Still, Zhao and McDormand really give it their all to try and overcome this hurdle. Zhao's ability to get such strong performances from people who have never acted before is still remarkable to see in action, and McDormand's commitment to her role is undeniable. But I feel more conflicted about "Nomadland" the more I think about it, whether it's McDormand's presence or the way Zhao makes her film as apolitical as possible. Part of why "The Rider" worked was because of how much its naturalism came from specificity and the collaborative nature of Zhao's direction with her actors. This time, I found myself wondering on whose terms this story's coming from, and Zhao just can't thread the needle well enough to provide a good answer.

"Pieces of a Woman" represents a fall festival story that's common every year: an independently produced film with some star names makes a splash after its premiere, resulting in a nice distribution deal and awards campaign not too long after (a recent example would be "I, Tonya" becoming a hit at TIFF and then taking home an Oscar months later). "Pieces" premiered at Venice a few weeks ago where it earned rave reviews, won an award for Best Actress (Vanessa Kirby), and got picked up by Netflix for a worldwide release in the near future. At the moment, things are looking pretty good for the film.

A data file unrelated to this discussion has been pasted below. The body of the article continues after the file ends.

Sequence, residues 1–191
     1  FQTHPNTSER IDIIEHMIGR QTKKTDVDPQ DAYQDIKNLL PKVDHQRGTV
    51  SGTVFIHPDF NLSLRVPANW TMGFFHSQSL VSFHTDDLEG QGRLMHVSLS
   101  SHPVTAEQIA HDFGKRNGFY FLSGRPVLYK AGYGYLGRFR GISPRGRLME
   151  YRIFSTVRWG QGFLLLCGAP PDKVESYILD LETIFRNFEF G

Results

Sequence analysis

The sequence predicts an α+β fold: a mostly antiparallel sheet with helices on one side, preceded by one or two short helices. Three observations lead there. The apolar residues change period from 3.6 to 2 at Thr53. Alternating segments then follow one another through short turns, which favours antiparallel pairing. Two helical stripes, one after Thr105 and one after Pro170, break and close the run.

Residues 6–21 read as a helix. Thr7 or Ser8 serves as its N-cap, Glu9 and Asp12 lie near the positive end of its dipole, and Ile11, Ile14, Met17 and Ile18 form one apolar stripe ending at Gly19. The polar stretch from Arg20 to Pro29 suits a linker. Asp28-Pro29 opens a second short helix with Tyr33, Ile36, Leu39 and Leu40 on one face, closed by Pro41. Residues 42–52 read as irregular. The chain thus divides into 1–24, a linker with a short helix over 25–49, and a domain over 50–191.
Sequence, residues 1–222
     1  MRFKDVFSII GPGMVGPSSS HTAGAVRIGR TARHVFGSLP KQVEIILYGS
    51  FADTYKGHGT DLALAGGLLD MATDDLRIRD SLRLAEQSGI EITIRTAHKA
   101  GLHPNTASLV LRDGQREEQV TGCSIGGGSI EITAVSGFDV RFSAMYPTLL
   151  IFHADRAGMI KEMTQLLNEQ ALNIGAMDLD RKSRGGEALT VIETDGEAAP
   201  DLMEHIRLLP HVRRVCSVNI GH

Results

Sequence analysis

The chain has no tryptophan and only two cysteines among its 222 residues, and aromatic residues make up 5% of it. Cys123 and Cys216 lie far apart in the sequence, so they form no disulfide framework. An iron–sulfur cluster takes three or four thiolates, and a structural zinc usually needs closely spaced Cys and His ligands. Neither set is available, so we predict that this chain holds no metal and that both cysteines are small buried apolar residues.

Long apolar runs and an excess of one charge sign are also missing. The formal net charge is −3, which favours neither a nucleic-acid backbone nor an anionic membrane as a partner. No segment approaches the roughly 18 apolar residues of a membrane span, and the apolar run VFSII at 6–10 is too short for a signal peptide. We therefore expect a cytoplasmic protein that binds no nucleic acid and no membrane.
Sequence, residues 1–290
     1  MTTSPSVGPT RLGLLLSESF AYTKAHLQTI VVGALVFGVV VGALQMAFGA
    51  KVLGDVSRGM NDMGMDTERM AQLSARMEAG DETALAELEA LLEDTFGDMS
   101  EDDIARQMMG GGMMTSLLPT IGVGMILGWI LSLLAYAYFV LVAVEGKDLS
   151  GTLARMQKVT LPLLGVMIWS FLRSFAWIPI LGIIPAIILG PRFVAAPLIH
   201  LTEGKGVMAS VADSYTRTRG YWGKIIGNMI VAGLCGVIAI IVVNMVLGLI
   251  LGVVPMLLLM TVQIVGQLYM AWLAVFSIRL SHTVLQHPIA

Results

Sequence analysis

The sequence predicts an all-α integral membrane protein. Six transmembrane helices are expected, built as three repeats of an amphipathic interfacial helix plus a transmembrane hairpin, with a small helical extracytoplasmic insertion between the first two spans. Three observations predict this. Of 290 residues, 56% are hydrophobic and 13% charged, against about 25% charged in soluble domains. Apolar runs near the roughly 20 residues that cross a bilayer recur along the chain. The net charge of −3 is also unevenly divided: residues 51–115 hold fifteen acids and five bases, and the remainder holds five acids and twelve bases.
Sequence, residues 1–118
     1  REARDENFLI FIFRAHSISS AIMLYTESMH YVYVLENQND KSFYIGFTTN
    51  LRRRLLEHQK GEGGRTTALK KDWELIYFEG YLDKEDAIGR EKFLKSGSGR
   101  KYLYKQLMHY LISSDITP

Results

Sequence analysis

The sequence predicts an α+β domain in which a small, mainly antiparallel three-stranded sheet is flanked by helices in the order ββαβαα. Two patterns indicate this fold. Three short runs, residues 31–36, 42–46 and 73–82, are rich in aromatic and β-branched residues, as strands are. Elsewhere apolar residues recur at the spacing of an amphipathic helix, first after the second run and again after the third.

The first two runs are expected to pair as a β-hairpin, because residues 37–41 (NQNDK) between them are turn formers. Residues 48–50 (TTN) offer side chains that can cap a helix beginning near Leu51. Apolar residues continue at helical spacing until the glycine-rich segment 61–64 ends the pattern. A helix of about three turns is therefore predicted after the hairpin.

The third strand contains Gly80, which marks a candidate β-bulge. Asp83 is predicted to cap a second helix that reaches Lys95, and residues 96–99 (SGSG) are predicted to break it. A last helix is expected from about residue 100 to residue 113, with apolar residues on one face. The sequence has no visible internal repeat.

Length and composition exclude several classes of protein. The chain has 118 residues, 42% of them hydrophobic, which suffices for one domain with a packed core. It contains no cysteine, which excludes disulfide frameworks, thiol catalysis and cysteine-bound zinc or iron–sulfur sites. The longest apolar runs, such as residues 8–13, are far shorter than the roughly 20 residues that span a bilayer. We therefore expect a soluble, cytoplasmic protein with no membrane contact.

Directed by Hungarian filmmaker Kornel Mundruczo and written by his partner Kata Weber, "Pieces" starts with a couple Sean (Shia LaBeouf) and Martha (Kirby) expecting their first child at any moment. Martha opts to have a home birth, but things go horribly wrong once she goes into labor. Mundruczo lets the tragedy play out over a long, harrowing sequence that unfolds in one take, then spends the rest of the film showing the fallout between Sean, Martha, her controlling mother (Ellen Burstyn), and the rest of Martha's family, all while a criminal trial over the negligence of the midwife (Molly Parker) looms over them.